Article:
The United Kingdom has become the first country in the world to approve the Pfizer/BioNTech COVID-19 vaccine for general use. It will be rolled out to priority groups as early as next week.

According to British regulator, the Medicines and Healthcare products Regulatory Agency (MHRA), the vaccine offers up to 95% protection against coronavirus and is safe for general use.

In a statement on Wednesday [December 2], a spokesperson from the UK’s Department of Health and Social Care spokesperson said: “The Government has today accepted the recommendation from the independent Medicines and Healthcare products Regulatory Agency (MHRA) to approve Pfizer-BioNTech’s COVID-19 vaccine for use.

“This follows months of rigorous clinical trials and a thorough analysis of the data by experts at the MHRA who have concluded that the vaccine has met its strict standards of safety, quality and effectiveness.”

The Joint Committee on Vaccinations and Immunisations (JCVI) will soon publish its final advice for which priority groups should receive the vaccine first. These include care home residents, health and care staff, the elderly and the clinically extremely vulnerable.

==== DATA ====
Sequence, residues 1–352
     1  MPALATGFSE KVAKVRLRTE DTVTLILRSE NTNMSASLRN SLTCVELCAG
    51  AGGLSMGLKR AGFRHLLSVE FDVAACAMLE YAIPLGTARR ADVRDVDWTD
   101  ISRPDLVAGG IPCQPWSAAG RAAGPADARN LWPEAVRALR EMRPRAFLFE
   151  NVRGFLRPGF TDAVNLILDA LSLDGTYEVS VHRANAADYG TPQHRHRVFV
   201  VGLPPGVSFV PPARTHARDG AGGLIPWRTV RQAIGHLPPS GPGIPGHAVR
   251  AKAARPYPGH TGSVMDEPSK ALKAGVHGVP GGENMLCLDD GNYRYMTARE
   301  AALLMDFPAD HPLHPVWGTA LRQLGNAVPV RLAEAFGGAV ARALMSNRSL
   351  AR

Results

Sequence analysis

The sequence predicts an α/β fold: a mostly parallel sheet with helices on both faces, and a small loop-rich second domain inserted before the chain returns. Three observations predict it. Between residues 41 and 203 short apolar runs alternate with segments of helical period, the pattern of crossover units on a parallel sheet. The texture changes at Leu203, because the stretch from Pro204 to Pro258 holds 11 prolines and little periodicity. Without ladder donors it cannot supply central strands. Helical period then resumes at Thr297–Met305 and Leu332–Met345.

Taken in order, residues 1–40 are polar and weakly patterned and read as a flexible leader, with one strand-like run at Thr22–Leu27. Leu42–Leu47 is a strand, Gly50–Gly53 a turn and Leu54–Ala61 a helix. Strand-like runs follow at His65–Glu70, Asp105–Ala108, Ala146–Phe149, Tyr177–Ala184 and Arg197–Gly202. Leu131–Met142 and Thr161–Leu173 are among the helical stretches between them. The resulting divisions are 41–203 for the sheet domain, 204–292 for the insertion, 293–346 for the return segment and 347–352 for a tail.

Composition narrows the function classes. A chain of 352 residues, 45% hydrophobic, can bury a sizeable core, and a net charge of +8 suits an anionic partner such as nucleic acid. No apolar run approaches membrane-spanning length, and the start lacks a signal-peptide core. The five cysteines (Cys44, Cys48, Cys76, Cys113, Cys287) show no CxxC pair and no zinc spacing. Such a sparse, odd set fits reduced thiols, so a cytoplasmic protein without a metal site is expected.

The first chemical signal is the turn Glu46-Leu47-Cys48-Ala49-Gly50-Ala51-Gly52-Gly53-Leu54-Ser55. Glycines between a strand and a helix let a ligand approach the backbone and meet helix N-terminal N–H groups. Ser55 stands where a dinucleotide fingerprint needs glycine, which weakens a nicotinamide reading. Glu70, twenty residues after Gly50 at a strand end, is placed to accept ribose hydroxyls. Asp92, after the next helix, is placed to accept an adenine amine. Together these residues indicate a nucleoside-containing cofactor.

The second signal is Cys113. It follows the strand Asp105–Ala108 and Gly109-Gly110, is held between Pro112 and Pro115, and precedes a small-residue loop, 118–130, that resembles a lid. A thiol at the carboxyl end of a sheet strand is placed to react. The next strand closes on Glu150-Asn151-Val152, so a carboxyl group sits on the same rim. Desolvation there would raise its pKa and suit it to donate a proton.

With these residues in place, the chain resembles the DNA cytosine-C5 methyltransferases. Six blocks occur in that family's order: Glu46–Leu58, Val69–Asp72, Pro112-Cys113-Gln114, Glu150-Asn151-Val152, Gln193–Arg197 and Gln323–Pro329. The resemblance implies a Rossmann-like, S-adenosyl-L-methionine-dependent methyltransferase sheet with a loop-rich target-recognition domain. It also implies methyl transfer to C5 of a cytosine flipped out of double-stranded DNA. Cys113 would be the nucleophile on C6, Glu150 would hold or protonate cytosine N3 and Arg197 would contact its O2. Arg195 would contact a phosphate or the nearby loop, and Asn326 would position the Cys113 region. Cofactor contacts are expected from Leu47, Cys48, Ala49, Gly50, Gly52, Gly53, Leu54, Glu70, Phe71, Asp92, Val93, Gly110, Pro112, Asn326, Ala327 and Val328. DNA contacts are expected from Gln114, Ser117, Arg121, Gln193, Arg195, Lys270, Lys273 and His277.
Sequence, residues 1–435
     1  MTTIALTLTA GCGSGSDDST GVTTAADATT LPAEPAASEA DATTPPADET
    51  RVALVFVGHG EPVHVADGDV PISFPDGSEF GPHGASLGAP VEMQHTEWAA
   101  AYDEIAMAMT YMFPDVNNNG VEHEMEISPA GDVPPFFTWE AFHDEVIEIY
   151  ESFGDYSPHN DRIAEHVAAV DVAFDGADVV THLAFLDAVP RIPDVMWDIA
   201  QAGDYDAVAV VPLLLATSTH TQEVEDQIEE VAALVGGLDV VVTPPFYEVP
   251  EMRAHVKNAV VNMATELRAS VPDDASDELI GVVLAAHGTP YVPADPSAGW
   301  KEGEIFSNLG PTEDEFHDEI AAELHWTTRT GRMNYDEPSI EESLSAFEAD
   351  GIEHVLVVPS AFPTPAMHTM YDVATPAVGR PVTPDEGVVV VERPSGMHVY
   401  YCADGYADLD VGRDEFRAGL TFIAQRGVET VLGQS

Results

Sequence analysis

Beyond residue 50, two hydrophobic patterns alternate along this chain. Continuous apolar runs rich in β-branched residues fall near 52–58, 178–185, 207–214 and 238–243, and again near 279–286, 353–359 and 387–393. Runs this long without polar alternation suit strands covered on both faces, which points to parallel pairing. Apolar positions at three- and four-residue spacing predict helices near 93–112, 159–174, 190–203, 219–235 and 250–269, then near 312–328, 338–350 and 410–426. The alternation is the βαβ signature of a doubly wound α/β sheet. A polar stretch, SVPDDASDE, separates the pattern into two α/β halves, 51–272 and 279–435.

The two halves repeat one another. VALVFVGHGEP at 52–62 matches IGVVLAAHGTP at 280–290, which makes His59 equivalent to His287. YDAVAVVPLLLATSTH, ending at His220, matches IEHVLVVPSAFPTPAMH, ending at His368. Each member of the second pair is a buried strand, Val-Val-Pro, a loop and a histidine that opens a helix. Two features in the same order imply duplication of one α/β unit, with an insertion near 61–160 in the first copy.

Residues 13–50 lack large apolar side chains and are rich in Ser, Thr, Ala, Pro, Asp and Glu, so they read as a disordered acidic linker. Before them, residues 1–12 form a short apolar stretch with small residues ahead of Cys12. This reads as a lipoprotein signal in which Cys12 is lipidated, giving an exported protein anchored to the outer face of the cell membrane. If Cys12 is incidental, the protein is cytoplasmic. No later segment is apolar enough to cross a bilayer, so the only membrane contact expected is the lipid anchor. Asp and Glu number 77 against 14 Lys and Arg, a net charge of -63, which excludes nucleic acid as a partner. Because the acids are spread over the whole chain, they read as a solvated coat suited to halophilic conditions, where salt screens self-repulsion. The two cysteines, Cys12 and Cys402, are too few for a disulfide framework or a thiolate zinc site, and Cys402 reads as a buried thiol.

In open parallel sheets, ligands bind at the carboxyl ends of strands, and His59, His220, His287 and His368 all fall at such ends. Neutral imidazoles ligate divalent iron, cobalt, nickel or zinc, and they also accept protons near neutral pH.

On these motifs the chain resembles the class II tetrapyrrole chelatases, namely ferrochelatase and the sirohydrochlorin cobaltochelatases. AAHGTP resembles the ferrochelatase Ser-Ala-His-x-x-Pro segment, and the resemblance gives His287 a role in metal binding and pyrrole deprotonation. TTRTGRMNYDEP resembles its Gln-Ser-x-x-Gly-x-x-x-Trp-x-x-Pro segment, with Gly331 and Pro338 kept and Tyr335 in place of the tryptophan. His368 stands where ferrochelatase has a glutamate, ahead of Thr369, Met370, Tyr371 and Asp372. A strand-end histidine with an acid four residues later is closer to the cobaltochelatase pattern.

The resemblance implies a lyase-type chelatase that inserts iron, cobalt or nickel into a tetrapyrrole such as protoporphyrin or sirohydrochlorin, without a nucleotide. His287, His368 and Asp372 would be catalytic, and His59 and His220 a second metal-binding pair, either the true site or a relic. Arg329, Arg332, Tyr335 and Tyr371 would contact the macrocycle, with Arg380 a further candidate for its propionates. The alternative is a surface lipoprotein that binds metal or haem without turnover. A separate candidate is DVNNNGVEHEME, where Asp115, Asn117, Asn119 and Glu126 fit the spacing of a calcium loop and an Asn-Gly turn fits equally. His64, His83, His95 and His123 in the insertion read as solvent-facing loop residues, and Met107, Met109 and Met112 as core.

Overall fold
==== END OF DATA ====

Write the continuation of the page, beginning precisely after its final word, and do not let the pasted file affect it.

“The vaccine will be made available across the UK from next week. The NHS has decades of experience in delivering large scale vaccination programmes and will begin putting their extensive preparations into action to provide care and support to all those eligible for vaccination,” added the spokesperson.

The BBC reports that the UK has already ordered 40-million doses of the mRNA vaccine, which is enough to vaccinate 20-million people. The vaccine works by using a tiny fragment of a genetic code from the coronavirus to teach the body to fight it off and build immunity. This is the very first time an mRNA vaccine has been approved for use in humans.

“The emergency use authorisation in the UK will mark the first time citizens outside of the trials will have the opportunity to be immunised against Covid-19,” said CEO and co-founder of BioNTec, Ugur Sahin.

“We believe that the rollout of the vaccination programme in the UK will reduce the number of people in the high-risk population being hospitalised. Our aim is to bring a safe and effective vaccine upon approval to the people who need it. The data submitted to regulatory agencies around the world are the result of a scientifically rigorous and highly ethical research and development programme.”

Multiple companies across the world have been racing to produce an effective vaccine, and Pfizer is just one of the top contenders.  Other frontrunners include Moderna, who also focus on an mRNA approach, and the AstraZeneca/Oxford vaccine.

Both Pfizer and Moderna filed for emergency authorisation with the US Food and Drug Administration (FDA) on November 20 and 30 respectively. The advisory committee is expected to meet on December 10 and 17 to consider Pfizer and Moderna’s requests respectively.

If they are approved, the Pfizer vaccine could be delivered on December 15 and Moderna on December 22, according to Operation Warp Speed documents obtained by CNN.

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